My oldest brother and I had one goal on our trip to Chicago: See Howlin’ Wolf’s grave.
He had thought of it a few summers back on a drive-through trip with his wife on their way to visit friends in Indiana, but it had never fallen into place for them to stop. This time, with me backing him up and our mom surprisingly also on board, it came as a three-against-two vote against our significant others, and our trip home found us taking a twenty-minute detour due west to Oakridge Cemetery.
Google Maps has us completely passing the entrance to the place, which happens to be about fifteen times larger than any of us anticipated. “Where exactly is his grave?” My brother asks, turning onto the main road and driving slow.
“Fantastic question,” I reply. Continue reading
Have you ever had the overwhelming feeling of the blues? Sadness, melancholy, whatever you want to call it. It’s that feeling when your entire chest aches. As if your lungs and heart are being compressed together in a scalding hot vice that’s constantly, slowly constricting. Because of it, your mind cannot focus. You jump at every noise, every thought. You take a deep breath, as deep as you can, and the pain dissipates for but a brief moment; it feels like you haven’t been breathing properly until that point.
I had this feeling when the man I came to know as Robert Crum placed the barrel of his gun against the back of my neck in that coffee house bathroom. I knew it was all over in that singular moment. And I knew there was nothing I could do.
These are words I just now wrote for the sequel to On The Border, temporarily titled After You. In case you didn’t know, I write to work through emotional struggles, big and small. The above passage describes exactly how I’m feeling today…minus the whole gun against the back of my neck part.
Yesterday was my Caribou Coffee‘s last day of existence. I knew I would feel sad, but I did not think this would happen. It’s one of those thoughts of, “How many more things have to change in my life?!” because the past two and a half years have been ridiculous. That’s not fair to ask. Life is constantly changing.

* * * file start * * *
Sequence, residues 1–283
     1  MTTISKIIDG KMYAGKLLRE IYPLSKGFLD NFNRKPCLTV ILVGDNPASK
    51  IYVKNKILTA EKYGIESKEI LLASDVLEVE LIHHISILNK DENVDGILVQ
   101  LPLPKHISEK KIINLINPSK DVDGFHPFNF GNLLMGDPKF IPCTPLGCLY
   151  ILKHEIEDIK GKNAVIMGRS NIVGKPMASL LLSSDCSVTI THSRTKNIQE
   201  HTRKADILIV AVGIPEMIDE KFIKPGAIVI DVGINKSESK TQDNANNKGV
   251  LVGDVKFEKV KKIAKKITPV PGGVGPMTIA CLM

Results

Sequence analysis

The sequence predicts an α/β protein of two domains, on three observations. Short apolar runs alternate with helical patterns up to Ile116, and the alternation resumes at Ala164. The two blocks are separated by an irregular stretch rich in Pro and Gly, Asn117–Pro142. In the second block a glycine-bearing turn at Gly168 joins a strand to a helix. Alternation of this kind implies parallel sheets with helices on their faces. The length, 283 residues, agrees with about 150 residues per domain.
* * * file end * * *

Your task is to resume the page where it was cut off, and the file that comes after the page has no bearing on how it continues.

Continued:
The four hour shift was about what I expected it to be. When I walked in, Sam was cleaning over by the coffee scale and Alex and Miriah worked the counter; Seth was in back working on paperwork and inventorying everything that was left. He handed me a list of things to do:
- Deck scrub built-up areas
- High dust—thorough, but not too thorough
- Assist Sam and Noelle
For over six years now, I have worked at a coffee shop – Caribou Coffee, to be exact. If you have spent any amount of time in a Starbucks, Caribou, Bigby, or independent chain, you know that coffee is an experience. Our society has an obsession with the drink, yes, but it’s more than just getting your quick cup of caffeine and heading into work.
Baristas are more than just the people behind the counter that stand between you and your cup of coffee. They are there to make a human connection with you, maybe chat about something you have in common, and make you smile once in your day.
Take, for example, at the Caribou that used to be down the street from mine: one gentleman came in every single morning, rarely said anything despite numerous attempts every time to get him to talk. He would get his coffee and leave. After well over a year of this, one day out of the blue, he got his cup of coffee, looked at the barista working and said, “I just want you to know that I’m a security guard at a local jail. And your smiling faces are the only smiles I see every single day. Thank you.”
What can really come over short snippets of conversation around a common enjoyment like sports or music or movies? What happens when you, as a female, dress up as Henrik Zetterberg for Halloween and work an open shift? You get regular customers you’ve known for years thinking you’re a new employee, and then continually talking to you about hockey after that. You find common bonding experiences.
In my six years working there, as it is about to become a different coffee shop, I have come to realize that while my stories may not be unique or out of the ordinary, they have impacted me more than I realized. Those customers that come in every morning, every week, have watched me grow up before their eyes.
That shop has shaped who I have become and where I’m heading in life. And if that isn’t something to write about and share with the world, I don’t know what is.
The stories I will put in there may not be groundbreaking or earth-shattering. It may not be any sort of book that changes your outlook on life or makes you cry or tries to teach you a life lesson. But if it can get you to smile or laugh, I will have done what I set out to do. It’s the little things in life that add up to make a difference.
So keep your eyes peeled for snippets of it that I may post here as I try to compile all my thoughts and memories in one place.